U.S.-Iran Brinkmanship Threatens Regional Stability, Nuclear Order
The Iran nuclear deal, formally called the Joint Comprehensive Plan of Action (JCPOA), appears headed for an untimely demise as both the U.S. and Iran engage in competing strategies of “maximum pressure” and “maximum resistance,” respectively.
After protracted negotiations between the P-5, Germany, EU and Iran, the JCPOA was concluded in July 2015 and unanimously endorsed by the U.N. Security Council. Iran ended its uranium enrichment program and accepted an intrusive verification regime implemented by the International Atomic Energy Agency (IAEA); in return, sanctions relief for Iran commenced four years ago on Jan. 17, 2016.
U.S. President Donald Trump had been critical of the JCPOA from the outset, not because Iran was cheating on its obligations but because JCPOA did not constrain Iran’s missile program or its involvement in regional conflicts.
In May 2018, the U.S. unilaterally withdrew from the JCPOA and as part of “maximum pressure” strategy, imposed enhanced economic sanctions in the expectation that this would bring the Iranian regime back to the negotiating table or better still, bring about a regime collapse.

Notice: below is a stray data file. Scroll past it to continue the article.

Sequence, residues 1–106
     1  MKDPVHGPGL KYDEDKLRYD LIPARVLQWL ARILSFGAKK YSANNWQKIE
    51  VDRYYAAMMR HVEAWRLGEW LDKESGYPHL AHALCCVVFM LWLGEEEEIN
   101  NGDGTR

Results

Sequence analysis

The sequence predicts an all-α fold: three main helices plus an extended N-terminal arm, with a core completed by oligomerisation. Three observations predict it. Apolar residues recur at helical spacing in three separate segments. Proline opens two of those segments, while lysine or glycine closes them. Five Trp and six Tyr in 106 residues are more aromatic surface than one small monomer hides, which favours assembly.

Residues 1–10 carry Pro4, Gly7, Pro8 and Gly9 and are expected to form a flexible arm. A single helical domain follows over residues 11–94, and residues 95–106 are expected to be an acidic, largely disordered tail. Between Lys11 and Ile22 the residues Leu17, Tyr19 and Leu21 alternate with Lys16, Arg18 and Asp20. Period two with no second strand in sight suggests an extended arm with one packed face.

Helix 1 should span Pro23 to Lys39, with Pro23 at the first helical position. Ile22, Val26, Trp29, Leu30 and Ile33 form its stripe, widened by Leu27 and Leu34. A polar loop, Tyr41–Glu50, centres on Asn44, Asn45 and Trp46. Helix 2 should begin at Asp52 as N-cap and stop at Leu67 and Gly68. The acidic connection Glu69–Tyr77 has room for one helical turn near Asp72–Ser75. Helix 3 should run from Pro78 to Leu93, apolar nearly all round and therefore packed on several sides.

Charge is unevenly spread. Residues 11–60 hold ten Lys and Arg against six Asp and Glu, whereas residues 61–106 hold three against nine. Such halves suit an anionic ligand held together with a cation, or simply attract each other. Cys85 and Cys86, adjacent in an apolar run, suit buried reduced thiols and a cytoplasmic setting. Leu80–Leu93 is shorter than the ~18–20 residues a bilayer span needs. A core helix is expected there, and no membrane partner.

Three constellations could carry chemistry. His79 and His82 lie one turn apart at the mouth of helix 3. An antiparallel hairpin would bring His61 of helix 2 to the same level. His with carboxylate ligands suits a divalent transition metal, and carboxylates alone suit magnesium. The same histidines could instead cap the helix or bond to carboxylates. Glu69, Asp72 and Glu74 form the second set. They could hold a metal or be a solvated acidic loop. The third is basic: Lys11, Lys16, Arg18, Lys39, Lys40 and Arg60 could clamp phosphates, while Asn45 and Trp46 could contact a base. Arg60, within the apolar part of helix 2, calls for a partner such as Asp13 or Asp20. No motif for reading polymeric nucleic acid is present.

Trump’s decision has been criticized by all other JCPOA parties; Europeans (France, Germany, the U.K. and the EU) promised Iran that they would set up a mechanism to mitigate the effect of sanctions but the Instrument for Supporting Trade Exchanges (INSTEX) has remained ineffective.
For a year, Iran continued to abide by the JCPOA. Since May 2019, it has taken a number of graduated steps every two months, diluting its commitments. On May 8 last year, Iran announced that it would no longer observe the stockpile limits of 130 kg of low enriched uranium and 300 metric tons of heavy water.
In July, the enrichment limit of 3.67 percent was exceeded; in September Iran resumed work on advanced centrifuges and in November, it commenced enrichment work at the underground facility at Fordaw.
The last announcement came Jan. 5 discarding the limit on the number of centrifuges to be operated. However, Iran has reiterated each time that it is still party to the JCPOA and each of these steps can be reversed if the JCPOA promised sanctions relief is restored.
Simultaneously, a series of incidents have raised tensions between Iran, the U.S. and its regional allies. There have been unclaimed attacks on commercial vessels in the Persian Gulf area. A missile attack on Aramco’s Abqaiq-Khurais facilities last September was claimed by the Houthis in Yemen though the U.S. and Saudi Arabia blame Iran for it.
A U.S. contractor was killed in late December by an Iran-backed Iraqi militia Kataib Hezbollah. The U.S. retaliated Dec. 29 with airstrikes killing two dozen Iraqi militia sparking anti-U.S. protests in Baghdad and Tehran, with the protesters outside the U.S. embassy reviving eerie memories of the 1979 siege.